Aboriginal Pentecostalism

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The issue of Liturgy dealing with “Pentecostal Worship,” guest-edited by L. Edward Phillips and Tanya Riches, looks at many aspects of this Holy Spirit-led faith expression. Excerpted here is Tanya Riches’ examination of Aboriginal Pentecostal practice from the Ganggalah Church in Australia. –– Melinda Quivik

Many scholars today see the Pentecostal–charismatic movement as moving in waves, thus adhering to Alan Anderson’s definition of “Pentecostalism(s)” as “churches with a family resemblance that emphasize the working of the Holy Spirit, sharing common experience of the Spirit and practice of spiritual gifts.” This article focuses upon the emerging and lesser known non-Western fourth wave, or neo-Pentecostals, that negotiate the universalizing or homogenizing influence of global Pentecostal liturgy within their own local or Indigenous cultural space.

The theological underpinning for this exploration is the core Pentecostal belief that God’s Spirit is revealed within all cultures at all times. God leaves a witness in every context (as Paul declares in Acts 14:16–17), which is the precedent for God’s revelation through Indigenous cultural frames. More particularly, this article focuses on ways the Spirit is experienced in Ganggalah Church, an urban Aboriginal-led Pentecostal congregation in Australia, noting the postcolonial complexities in how worshipers conceive and construct their experience of the Spirit. This congregation will provide the case study for a distinctively Pentecostal use of the Nairobi Statement on Worship and Culture, produced by the Lutheran World Federation in 1996, which identifies the four dynamics of Christian worship as transcultural, contextual, counter-cultural, and cross-cultural. . .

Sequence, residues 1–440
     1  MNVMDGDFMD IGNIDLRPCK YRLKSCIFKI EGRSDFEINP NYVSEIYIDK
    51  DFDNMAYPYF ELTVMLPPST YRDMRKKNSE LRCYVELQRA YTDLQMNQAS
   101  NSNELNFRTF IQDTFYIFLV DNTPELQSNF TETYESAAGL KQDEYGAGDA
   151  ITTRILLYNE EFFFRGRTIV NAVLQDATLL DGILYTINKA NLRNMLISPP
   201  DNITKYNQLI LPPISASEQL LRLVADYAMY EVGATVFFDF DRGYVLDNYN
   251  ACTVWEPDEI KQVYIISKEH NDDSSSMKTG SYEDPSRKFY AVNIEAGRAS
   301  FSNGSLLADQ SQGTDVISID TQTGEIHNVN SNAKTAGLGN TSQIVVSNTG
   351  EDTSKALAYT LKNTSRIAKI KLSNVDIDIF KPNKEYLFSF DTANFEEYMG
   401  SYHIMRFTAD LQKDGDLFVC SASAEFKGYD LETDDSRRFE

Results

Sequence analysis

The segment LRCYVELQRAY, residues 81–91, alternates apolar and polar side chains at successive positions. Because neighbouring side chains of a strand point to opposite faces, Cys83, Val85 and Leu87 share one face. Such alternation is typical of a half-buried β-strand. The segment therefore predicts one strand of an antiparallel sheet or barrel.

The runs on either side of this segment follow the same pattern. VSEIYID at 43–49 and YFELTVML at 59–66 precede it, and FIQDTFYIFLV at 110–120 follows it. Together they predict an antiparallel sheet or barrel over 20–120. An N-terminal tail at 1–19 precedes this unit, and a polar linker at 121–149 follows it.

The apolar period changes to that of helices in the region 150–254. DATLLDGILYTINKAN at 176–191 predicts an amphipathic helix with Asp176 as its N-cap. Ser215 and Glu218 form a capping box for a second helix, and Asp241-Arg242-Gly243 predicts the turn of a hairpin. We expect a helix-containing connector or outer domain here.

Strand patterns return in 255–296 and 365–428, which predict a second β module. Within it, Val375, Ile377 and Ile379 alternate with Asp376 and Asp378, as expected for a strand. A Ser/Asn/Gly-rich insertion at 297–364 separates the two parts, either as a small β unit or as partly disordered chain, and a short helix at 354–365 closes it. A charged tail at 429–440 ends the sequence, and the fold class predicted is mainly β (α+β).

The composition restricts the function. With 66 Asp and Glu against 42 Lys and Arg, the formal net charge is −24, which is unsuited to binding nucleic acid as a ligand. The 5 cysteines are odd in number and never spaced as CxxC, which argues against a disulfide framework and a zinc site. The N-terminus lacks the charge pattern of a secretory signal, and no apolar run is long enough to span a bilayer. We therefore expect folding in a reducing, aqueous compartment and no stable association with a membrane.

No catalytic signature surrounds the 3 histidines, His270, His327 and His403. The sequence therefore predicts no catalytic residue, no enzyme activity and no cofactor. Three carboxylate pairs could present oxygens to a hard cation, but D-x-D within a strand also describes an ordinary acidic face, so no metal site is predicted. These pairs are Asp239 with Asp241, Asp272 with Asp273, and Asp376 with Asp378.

Pentecostal worshipers together attend to God; they distinguish the divine Spirit (of Christ) from human and other spirits. When Pentecostal worshipers describe elements of the liturgy as “anointed,” they invoke a particular signifier that carries a deep worth in expressing the felt presence of God. However, any mention of the pneumatological imagination in worship requires careful discernment. This is illustrated by Willie Jennings’ critique of the Christian imagination as infused with colonialism or hierarchies of race. Jennings points out that Christianity often underplays local or contextual identities, overwriting them with global or universal symbols. He argues that this has wrenched Indigenous identity from its spatial orientation or place-centered morality. In this vein, Yong acknowledges that global Pentecostalism sometimes ignores its context. Although not usually intentional, this occurs both through the content and form of worship.

It remains an open question whether the pneumatological imagination (particularly as practiced by globally indigenous Pentecostals) can redress the colonial biases found within the larger church. Such tensions place the gatherings of Indigenous or fourth wavePentecostal–charismatics (who actively negotiate local and global influences within their ordinary lives) at the forefront of this discussion.

One of these groups is Australia’s Aboriginal and Torres Strait Islander peoples, who have a history of displacement from land and a history of “the stolen generations.” Although Aboriginal leaders have now been theoretically released from assimilation policies to champion self-determination, all major Australian denominations emphasize Western ideals, often transferred implicitly within cultural production. For example, Australian churches exhibit preference for Anglo-American evangelical teaching styles and for certain popular genres of Christian music. . .

What remains to be shown is how Australia’s Indigenous peoples, as distinct from Australian missiologists, creatively respond to Europeanization by inculturating the liturgy and how closely this process resembles the liturgical ideals presented by the Nairobi Statement.


Tanya Riches’ full essay in Liturgy 33, no. 3 is available by personal subscription and through many libraries.

Tanya Riches lectures at Hillsong College, Sydney, Australia, and is a researcher at the Centre for Disability Studies, an affiliate center of The University of Sydney. She co-edited The Hillsong Movement Examined (Palgrave Macmillan, 2017).

Tanya Riches, “Liturgical Inculturation in Urban Aboriginal Pentecostalism,” Liturgy 33, no. 3 (2018): 54-62.

David Turnbloom